$1.50 VOL. 38 NO. 19
Page 1
MAY 11-17, 2015
Warning To Property Owners: “Neighborly”
Accommodations May Result In Losing Property Rights
by Kenneth R. Styles, Shareholder, Miller Starr Regalia
s the expression goes: “No good
deed goes unpunished.” In the
world of real property law, if a
landowner, trying to be a “good
neighbor”, allows someone to use his or
her property, that neighborly
accommodation may ripen into a
permanent easement-type property interest across the property.
A recent decision from the California Court of Appeal in
Richardson v. Franc expanded the legal doctrine of “irrevocable
licenses” in a situation where one neighbor simply allowed
another neighbor to use a portion of a driveway for landscaping
and irrigation. Whereas prior cases applying irrevocable
licenses arose from the parties’ oral agreement, in Richardson
the parties never communicated to each other. The landowner’s
knowledge of the use, without assent or objection, was sufficient
to create a permanent, easement-like property interest.
Conceptually, a license to use another’s real property differs
from commonly-known real property doctrines such as “adverse
possession” or “prescriptive easement”, which may allow others
to obtain fee title or easement rights based upon use of the
property (e.g., 5-years use that is “open, hostile and
continuous”). A well-known method to defeat adverse
possession is to grant permission to the user, thus negating the
required element of hostility.
In contrast to the hostility requirement for adverse possession,
a license is premised upon permission. A license gives the user
authority to perform an act or acts on your property. Licenses
are commonly seen in commercial transactions to allow
specifically-defined use of a property. In those situations, the
rights, duties and obligations of the parties are set forth in a
written license agreement.
In the absence of a written agreement, a landowner may grant
an oral (i.e., “parol”) license. Such parol licenses are revocable
at any time. The legal doctrine of a parol “irrevocable license”
dates back to court decisions in the 1800’s. In theory, an
irrevocable license derives from an equitable estoppel, in which
a landowner agrees to allow use of the property with knowledge
that the user will expend significant funds to improve the
property. For example, the classic case involves a neighbor
asking the landowner for access over the property to a
landlocked parcel; the landowner says yes and the neighbor,
relying on the landowner’s agreement, builds a house on the
landlocked parcel – i.e., an equitable estoppel that leads to an
Reprinted with the permission of the Orange County Business Journal
irrevocable license.
The unique fact of the Richardson
case is that the parties never
communicated to each other. Instead,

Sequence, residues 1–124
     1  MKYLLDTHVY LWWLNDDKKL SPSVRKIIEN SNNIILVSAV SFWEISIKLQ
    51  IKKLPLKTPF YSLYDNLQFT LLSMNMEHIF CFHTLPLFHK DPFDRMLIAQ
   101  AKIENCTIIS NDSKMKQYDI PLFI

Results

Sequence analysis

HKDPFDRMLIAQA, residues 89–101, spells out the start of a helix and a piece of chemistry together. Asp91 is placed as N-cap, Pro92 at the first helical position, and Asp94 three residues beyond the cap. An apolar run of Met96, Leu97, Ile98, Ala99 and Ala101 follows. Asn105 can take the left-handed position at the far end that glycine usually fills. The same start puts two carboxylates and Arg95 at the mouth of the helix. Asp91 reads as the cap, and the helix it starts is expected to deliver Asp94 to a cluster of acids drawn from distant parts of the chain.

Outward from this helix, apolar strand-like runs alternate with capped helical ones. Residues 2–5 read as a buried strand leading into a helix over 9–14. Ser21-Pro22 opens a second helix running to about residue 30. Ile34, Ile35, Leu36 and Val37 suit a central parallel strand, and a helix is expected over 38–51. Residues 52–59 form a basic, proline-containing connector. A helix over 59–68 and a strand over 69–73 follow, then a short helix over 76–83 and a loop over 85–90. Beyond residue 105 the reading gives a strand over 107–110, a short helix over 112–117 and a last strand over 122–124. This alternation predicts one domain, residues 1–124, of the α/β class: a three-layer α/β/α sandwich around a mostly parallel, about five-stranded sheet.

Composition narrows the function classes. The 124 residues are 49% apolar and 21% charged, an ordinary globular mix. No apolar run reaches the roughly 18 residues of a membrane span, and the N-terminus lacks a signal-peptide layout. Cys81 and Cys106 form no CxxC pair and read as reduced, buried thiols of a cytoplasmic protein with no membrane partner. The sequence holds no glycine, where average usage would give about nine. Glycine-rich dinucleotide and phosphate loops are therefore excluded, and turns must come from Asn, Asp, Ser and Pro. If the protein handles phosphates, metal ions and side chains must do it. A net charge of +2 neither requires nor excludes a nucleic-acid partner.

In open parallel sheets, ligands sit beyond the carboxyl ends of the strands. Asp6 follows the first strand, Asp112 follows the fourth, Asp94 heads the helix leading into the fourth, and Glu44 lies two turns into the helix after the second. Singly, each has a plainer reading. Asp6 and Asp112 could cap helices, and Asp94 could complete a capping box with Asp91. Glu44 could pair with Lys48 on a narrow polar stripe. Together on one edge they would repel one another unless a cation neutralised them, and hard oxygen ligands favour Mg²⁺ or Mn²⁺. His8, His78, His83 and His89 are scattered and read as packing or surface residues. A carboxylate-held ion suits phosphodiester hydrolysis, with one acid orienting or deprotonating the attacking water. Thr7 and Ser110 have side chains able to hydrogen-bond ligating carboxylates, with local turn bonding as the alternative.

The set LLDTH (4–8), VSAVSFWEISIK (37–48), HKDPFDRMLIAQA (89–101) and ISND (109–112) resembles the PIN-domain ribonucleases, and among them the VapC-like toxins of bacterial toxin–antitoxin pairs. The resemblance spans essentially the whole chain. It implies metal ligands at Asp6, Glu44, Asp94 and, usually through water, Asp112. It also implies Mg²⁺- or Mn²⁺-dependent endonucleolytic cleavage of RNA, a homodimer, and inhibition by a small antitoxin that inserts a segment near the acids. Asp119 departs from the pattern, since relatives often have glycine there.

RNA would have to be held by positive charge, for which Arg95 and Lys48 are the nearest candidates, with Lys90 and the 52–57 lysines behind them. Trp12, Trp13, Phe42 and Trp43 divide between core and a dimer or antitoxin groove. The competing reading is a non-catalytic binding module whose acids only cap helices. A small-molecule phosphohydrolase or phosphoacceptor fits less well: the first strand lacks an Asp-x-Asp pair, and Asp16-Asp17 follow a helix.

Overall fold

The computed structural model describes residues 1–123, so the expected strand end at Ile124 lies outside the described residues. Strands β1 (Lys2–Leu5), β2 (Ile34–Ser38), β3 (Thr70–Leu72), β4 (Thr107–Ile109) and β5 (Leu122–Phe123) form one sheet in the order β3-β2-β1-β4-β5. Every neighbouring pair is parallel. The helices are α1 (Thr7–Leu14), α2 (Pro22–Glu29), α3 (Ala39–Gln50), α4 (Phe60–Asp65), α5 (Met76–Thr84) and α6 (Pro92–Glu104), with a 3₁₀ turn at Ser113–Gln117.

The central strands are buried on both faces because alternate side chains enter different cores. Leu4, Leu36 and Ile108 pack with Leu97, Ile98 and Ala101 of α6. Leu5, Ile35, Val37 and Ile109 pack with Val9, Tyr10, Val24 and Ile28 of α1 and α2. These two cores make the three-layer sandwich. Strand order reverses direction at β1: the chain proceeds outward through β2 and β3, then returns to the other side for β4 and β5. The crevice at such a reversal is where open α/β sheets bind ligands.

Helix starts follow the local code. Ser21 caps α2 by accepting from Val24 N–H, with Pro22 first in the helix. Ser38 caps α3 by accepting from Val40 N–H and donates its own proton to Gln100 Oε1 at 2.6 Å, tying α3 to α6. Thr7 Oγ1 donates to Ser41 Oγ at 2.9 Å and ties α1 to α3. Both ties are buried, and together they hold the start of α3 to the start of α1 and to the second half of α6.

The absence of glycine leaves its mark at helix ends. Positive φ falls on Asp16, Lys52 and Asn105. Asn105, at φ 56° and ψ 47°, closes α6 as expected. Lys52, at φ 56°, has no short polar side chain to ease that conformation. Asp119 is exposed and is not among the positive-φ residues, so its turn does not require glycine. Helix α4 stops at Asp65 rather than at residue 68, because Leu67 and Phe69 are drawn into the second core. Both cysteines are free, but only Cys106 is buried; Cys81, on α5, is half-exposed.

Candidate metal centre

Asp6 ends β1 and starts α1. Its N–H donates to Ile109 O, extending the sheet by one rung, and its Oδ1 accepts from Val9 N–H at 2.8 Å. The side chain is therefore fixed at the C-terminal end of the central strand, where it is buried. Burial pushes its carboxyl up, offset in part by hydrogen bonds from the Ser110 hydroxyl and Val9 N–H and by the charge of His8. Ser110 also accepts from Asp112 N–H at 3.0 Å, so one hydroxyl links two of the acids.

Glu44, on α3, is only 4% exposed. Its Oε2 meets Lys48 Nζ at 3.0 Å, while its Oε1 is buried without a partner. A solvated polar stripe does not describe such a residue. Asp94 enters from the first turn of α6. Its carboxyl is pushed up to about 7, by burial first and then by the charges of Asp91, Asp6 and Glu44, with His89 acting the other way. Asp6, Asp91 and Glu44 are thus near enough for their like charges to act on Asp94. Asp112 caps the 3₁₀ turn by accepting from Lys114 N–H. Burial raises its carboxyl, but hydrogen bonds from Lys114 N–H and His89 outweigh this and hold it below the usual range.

one party – who already benefited from
an easement for ingress and egress
over a driveway – installed landscaping
and an irrigation system beyond the easement boundaries.
The landowner was aware of the expanded use, but never
communicated with the neighbor. Years later, the new owner of
the property objected to the use, filed suit and lost.
The holding in Richardson raises some troubling issues for
property owners. For example, if a property owner is aware of
certain use, but fails to investigate or object, such inaction may
result in a permanent, irrevocable license. Richardson arguably
puts the burden on landowners, as opposed to adverse users,
to ensure that any adverse use, even if by mistake, does not
ripen into a permanent, irrevocable license. For example, by
statute a landowner may prevent a prescriptive easement by
either recording permission or posting signs. Arguably, neither
of these code sections would prevent an irrevocable license.
So what is a landowner to do, object and risk a prescriptive
easement, or assent and risk an irrevocable license?
Unfortunately, Richardson injects more uncertainty into the
ever-evolving world of property use rights (e.g., easements,
licenses and leases).
Kenneth R. Styles
Kenneth R. Styles is a shareholder in
Miller Starr Regalia’s San Francisco
office. He has over twenty-two years of
experience representing clients in
litigation and regulatory/consulting
matters, principally involving real
estate and commercial disputes. He is
one of the authors of Miller & Starr,
California Real Estate, a 12-volume
treatise on California real estate law,
and regularly presents on real property issues involving
title insurance, easements and secured transactions. Mr.
Styles will be speaking at the Orange County Bar
Association’s Real Estate Section Meeting on May 26,
2015. Contact Mr. Styles at 415.638.4800 or
[email protected] For more information on Miller
Starr Regalia, visit